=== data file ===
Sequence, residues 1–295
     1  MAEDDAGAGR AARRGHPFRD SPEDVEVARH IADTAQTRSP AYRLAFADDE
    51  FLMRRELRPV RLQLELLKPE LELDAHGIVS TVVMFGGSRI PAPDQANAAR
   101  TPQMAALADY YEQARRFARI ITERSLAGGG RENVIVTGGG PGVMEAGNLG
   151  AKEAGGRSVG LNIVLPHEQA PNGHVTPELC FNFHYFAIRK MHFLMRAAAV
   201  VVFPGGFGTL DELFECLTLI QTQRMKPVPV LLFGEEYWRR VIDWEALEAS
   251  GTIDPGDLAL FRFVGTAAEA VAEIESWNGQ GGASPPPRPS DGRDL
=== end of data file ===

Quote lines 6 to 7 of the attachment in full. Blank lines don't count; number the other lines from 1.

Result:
   201  VVFPGGFGTL DELFECLTLI QTQRMKPVPV LLFGEEYWRR VIDWEALEAS
   251  GTIDPGDLAL FRFVGTAAEA VAEIESWNGQ GGASPPPRPS DGRDL